I am uncertain about what overcame me but I began to tell the driver to stop. Infuriated by his confusion, my calm collected speech transformed into an angry thunder of yelling. Once again, the tears burst forth, like a distressed child, rolling helplessly down my ashy face onto my fur coat. Through the window, I saw my reflection, or maybe all I saw was the rain rolling helplessly down the window, onto the ground. Overcome with my own conviction, I took out an old bill and handed it to the bewildered driver, who I almost felt sorry for. But I felt more sorry for myself, for my pitiful, powerless self. I feel sorry. 

I knew exactly where I wanted to go. I was certain about a place where I would feel safe from the ghosts of uncertainty and fear, that did not cease to pester me. In fact, I didn’t even realize when my gait became a jog, and eventually a full sprint. My face was covered in drops of rain, hot tears,  beads of sweat that lined my upper lip, and smudged mascara flakes that refused to dissolve. I still remembered the directions; not only remembered, but it was engraved permanently within my brain through the constant and endless regurgitation. I remember running down these streets hollering with unripe excitement, despite the continuous warnings of my mother about the rain. I remember watching my father fix the rain damage, and realizing that his sturdy well-defined muscles do not need a wall of support. I remember scraping my knee for the first time and watching the thick scarlet fluid ooze delicately out of my thin frame. I remember when my future was not clouded by the thick smoke of uncertainty, but rather doused with the mist of simplicity. I inhale a breath of serene pleasure and comfort.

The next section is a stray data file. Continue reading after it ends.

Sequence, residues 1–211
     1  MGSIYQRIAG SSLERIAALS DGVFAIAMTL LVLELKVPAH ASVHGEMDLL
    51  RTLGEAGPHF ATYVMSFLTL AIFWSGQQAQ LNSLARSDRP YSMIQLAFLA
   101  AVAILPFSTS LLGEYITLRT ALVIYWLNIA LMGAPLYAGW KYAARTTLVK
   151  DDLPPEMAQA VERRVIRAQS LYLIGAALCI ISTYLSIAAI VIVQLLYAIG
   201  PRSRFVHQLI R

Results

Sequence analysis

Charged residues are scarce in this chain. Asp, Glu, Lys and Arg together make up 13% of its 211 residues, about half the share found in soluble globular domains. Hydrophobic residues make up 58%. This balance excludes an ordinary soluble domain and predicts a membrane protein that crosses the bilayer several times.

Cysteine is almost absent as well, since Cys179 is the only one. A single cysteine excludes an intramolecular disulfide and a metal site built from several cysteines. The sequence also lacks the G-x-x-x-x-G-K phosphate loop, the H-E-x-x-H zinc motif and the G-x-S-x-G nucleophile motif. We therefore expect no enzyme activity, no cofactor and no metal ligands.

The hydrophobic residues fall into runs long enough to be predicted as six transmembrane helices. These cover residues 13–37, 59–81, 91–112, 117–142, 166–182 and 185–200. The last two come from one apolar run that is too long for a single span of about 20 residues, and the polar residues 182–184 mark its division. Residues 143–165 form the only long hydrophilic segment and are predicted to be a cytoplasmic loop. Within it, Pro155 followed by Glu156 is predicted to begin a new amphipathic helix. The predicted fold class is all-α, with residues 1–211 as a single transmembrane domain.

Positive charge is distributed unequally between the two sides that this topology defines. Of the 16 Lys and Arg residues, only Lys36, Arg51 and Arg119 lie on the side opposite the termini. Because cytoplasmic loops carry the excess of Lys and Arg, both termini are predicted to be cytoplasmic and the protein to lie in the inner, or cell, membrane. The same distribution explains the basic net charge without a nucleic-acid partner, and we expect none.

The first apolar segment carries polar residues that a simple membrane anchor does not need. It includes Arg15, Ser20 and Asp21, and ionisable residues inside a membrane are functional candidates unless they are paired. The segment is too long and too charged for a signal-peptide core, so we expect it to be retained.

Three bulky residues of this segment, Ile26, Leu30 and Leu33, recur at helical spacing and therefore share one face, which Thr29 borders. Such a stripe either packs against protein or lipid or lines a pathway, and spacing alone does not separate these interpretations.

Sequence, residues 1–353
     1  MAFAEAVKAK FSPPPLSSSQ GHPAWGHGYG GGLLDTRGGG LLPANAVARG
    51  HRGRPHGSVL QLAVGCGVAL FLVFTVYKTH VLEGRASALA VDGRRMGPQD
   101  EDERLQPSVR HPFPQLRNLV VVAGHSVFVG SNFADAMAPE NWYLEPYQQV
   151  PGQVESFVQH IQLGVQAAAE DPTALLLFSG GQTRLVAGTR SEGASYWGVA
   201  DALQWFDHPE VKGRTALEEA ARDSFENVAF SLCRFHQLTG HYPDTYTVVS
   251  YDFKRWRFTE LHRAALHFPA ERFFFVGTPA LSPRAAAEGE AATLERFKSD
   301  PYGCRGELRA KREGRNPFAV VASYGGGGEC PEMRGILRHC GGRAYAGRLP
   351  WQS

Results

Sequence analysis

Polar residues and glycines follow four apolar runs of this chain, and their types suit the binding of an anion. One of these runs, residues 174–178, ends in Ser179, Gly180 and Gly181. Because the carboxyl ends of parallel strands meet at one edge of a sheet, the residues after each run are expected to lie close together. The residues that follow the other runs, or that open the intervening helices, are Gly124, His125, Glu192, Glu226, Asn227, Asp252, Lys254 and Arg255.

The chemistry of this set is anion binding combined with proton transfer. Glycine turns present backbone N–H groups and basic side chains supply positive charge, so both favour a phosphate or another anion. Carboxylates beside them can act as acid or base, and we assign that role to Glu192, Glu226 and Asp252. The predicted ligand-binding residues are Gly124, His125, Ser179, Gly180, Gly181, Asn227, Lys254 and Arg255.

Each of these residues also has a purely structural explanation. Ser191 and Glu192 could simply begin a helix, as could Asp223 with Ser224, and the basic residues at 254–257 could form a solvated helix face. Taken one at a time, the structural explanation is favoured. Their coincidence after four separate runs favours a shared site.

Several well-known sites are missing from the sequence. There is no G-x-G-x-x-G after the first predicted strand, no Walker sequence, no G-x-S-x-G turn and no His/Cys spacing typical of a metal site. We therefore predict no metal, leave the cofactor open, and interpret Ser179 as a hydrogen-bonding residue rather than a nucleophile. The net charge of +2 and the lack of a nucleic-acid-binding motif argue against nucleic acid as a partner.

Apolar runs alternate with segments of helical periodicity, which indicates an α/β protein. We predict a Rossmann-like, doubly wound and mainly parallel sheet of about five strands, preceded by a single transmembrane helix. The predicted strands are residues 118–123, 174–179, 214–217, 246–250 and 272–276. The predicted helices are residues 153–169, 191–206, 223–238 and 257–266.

It looked the way it always had. Amidst all the changes, this old house refused to be torn or beaten down by the powerlessness of reality. It stood ever so strong, unlike me. Its permanent gleam was not dimmed, but rather devoted to shining through all unexpected storms (probably because of the constant mending of my father). Through all my wondrous reminiscing, I almost forgot the trepidation of my pending, undecided destiny. I step forward and embrace the warmth that radiates out of every brick. 

The loud doorbell was almost congruent to a nuisance for me, but today, hearing the cheerful melody radiate and echo through the old house, was the most relieving and alluring sound. I felt giddy with the glow of excitement, like the feeling you get after correctly answering a question you were uncertain about. As I heard approaching footsteps, ones that I could always hear from under my blanket, my nails began to dig into the soft palms of my hand. But I did not feel anything. 

The door swung open to reveal an old, weak man. My father took my arm and pulled me into a secure embrace, and no longer was he the old, weak man I saw seconds ago. Within his constantly strong embrace, I felt at peace. 

As I entered my childhood home, I realized how much I missed the vibrant decorations.